I have always – always – been a fan of things supernatural. Even when I was a kid, I can remember probably flipping around the channel changer for anything dealing with ghosts, demons, monsters, or general theatrical wickedness. I’m not so sure that I necessarily believes in such things; I guess it just interests me on a storytelling level perhaps because it lends itself to so, so many different avenues. One of the perspectives that often gets explored is pairing adolescence with a child’s developing psychic gifts. While some might consider it a bit clichéd, I’ll just chalk that up to their snobbery at the subject matter. Like I said, I don’t mind the stuff so much, and that’s why a small flick like WAY OF THE WICKED might get a bit more praise from me than it would with others. Not much more praise, mind you. Just a wee bit …
(NOTE: The following review will contain minor spoilers necessary solely for the discussion of plot and/or characters. If you’re the type of reader who prefers a review entirely spoiler-free, then I’d encourage you to skip down to the last three paragraphs for my final assessment. If, however, you’re accepting of a few modest hints at ‘things to come,’ then read on …)
From the product packaging: “After a series of inexplicable murders sweeps a small, isolated community, Father Henry (played by Christian Slater) goes to a local police detective (Vinnie Jones) with a theory on why the murders are occurring. The two learn that a troubled teen with a dark past has recently moved to town and has set his sights on the cop’s beautiful young daughter (Emily Tennant). Father Henry, who turns out to have secrets of his own, finds himself pitted against a demonic force more diabolically evil and twisted than any of them could have imagined.”
As often transpires with these small releases, neither the box art nor the film’s advertising really bares more than a passing resemblance to the plot. For example, one could conclude after reading the above that this is a Christian Slater/Vinnie Jones buddy film – which, incidentally, doesn’t that sound like an interesting pairing? Anyway, that’s pretty far from the case as the young, fresh-faced Emily Tennant really carries the weight of the story here. For what it’s worth, she does an admirable job here – it may not open any career doors for her, and she’s certainly convincing as the small town high school hottie, that’s for sure. (All kidding aside, she really is lovely, and methinks she’s destined for more work.)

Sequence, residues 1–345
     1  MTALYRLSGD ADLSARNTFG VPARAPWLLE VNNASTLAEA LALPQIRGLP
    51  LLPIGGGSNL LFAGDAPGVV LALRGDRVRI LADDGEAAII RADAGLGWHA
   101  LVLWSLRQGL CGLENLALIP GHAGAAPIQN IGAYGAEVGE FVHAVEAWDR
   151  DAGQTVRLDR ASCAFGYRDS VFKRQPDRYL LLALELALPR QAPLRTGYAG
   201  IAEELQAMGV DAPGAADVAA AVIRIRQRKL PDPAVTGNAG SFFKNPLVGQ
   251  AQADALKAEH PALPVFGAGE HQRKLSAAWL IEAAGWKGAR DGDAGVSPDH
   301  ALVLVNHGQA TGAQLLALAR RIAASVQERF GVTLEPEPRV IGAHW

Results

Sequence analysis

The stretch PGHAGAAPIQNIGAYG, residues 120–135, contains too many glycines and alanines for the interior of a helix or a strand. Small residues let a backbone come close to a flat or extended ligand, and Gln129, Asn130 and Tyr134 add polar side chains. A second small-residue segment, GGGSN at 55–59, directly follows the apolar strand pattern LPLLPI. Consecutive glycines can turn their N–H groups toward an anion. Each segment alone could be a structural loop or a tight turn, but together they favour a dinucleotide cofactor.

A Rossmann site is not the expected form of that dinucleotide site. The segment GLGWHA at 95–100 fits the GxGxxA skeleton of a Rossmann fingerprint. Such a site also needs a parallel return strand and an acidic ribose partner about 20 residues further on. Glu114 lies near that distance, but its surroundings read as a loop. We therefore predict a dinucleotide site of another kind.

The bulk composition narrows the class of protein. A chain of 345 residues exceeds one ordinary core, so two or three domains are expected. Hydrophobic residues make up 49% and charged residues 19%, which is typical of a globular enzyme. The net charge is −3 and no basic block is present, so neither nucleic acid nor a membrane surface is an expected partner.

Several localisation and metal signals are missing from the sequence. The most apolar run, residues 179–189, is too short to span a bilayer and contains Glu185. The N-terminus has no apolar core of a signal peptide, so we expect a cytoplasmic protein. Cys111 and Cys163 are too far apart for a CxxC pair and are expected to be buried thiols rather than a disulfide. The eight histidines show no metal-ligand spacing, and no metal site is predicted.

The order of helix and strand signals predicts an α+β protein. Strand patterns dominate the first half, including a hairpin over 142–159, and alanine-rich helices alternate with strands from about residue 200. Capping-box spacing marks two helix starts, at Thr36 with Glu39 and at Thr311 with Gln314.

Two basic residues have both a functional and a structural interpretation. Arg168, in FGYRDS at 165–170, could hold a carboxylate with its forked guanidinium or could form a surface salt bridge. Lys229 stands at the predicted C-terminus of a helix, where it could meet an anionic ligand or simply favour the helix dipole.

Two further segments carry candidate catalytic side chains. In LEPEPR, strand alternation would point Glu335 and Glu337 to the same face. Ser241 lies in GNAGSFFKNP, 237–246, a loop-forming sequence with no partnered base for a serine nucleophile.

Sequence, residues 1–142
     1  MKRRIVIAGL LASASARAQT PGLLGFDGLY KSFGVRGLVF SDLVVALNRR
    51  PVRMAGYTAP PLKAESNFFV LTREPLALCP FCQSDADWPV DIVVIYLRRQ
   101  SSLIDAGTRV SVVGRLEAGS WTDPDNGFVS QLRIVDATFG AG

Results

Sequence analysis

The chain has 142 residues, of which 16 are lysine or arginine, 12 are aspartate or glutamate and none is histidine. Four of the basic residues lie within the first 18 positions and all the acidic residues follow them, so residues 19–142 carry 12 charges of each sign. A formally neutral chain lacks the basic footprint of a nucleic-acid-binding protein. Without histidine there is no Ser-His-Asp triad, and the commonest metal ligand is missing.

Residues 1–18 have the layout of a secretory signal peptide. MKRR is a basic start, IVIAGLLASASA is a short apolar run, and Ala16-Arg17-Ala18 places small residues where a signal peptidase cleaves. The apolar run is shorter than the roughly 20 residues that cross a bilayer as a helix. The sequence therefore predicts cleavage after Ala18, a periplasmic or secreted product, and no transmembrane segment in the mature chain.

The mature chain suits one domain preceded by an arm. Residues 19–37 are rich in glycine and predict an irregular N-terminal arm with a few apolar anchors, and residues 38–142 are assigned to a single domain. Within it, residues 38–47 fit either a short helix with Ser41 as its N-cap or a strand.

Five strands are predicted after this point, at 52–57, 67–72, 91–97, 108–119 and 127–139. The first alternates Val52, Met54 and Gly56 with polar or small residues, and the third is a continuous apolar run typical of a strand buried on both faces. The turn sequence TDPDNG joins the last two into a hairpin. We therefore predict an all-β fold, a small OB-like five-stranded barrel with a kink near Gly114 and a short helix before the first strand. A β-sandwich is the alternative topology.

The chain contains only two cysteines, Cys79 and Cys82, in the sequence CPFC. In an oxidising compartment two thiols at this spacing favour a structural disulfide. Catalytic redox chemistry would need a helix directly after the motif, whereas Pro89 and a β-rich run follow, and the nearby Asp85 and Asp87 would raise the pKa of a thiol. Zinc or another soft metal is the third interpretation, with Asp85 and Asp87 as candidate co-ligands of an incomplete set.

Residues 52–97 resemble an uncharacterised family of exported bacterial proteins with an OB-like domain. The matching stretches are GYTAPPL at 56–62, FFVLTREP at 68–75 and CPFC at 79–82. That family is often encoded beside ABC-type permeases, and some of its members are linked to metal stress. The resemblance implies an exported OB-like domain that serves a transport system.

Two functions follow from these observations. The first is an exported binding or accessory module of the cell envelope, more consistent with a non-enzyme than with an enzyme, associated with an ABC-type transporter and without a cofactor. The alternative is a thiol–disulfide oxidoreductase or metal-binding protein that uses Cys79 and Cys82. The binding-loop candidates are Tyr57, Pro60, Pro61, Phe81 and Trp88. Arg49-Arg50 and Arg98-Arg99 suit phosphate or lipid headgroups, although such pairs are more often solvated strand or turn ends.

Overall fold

Still, what’s missing from the above is any protracted discussion of that “troubled small town teen,” Robbie (Jake Croker). To his credit, Croker pulls off ‘brooding menace’ with possibly a bit too much glee here. He’s definitely got the look, and hopefully he won’t see his career pigeonholed in such a way as he doesn’t get to explore something different. He pairs up against Tennant – along with a handful of other less interesting more predictable youngsters – and, while they don’t exactly spark of chemistry, they play well enough off one another that it isn’t hard to see the two of them have some skills.
Sadly, Slater continues yet one more in a series of dead-eyed, unchallenging cameos (he’s really a side character throughout WICKED though the box art implies he’s the star). Despite a relatively by-the-numbers performance, he does show up a bit more involved whilst paired with Jones. By contrast, Jones never quite looks the part of the widowed police detective whose affection for his young daughter is all that really matters at this point in his life, but – like Slater – he puts his best feet forward in an admirable attempt. Who knows? Could there have been (under other circumstances) a franchise here where two small town professionals – the preacher and the detective – pair up to solve crimes all involving a flair for the supernatural? Well, it couldn’t happen in this motion picture universe (I won’t spoil their respective fates), but maybe if writer/producer Matt Kelly wants to try again?
He could a lot worse. Plus – by the looks of it – both Slater and Jones are available.
WAY OF THE WICKED (2014) is produced by Matt Kelly Films and Odyssey Media. DVD distribution is being handled by RLJ Entertainment and Image Entertainment. As for the technical specifications, this is one smartly produced small thriller; while there’s some high quality sights and sounds, there’s a surprising lack of interesting cinematography that may’ve been the fault of an uninspired director. Lastly – as is too often the case with these quieter releases find their way into the home entertainment market – there are no special features to speak of; anything would’ve been appreciated. Really.
(MILDLY) RECOMMENDED. WAY OF THE WICKED isn’t perfect – it has more than its fair share of silly moments that kinda/sorta defy conventional logic and/or smack of the usual ‘TV movie of the week’ sensibilities so common to direct-to-DVD fare. Still, it had a nice twist (which I started to suspect in the final third anyway). Sure, Vinnie Jones was probably horribly miscast as the small town sensitive father type who just happens to be a police detective, but he gave it an admirable shot. So sue me if I like creepy supernatural thrillers.
In the interests of fairness, I’m pleased to disclose that the fine folks at RLJ Entertainment and Image Entertainment provided me with a DVD copy of WAY OF THE WICKED (2014) by request for the expressed purposes of completing this review; and their contribution to me in no way, shape or form influenced my opinion of it.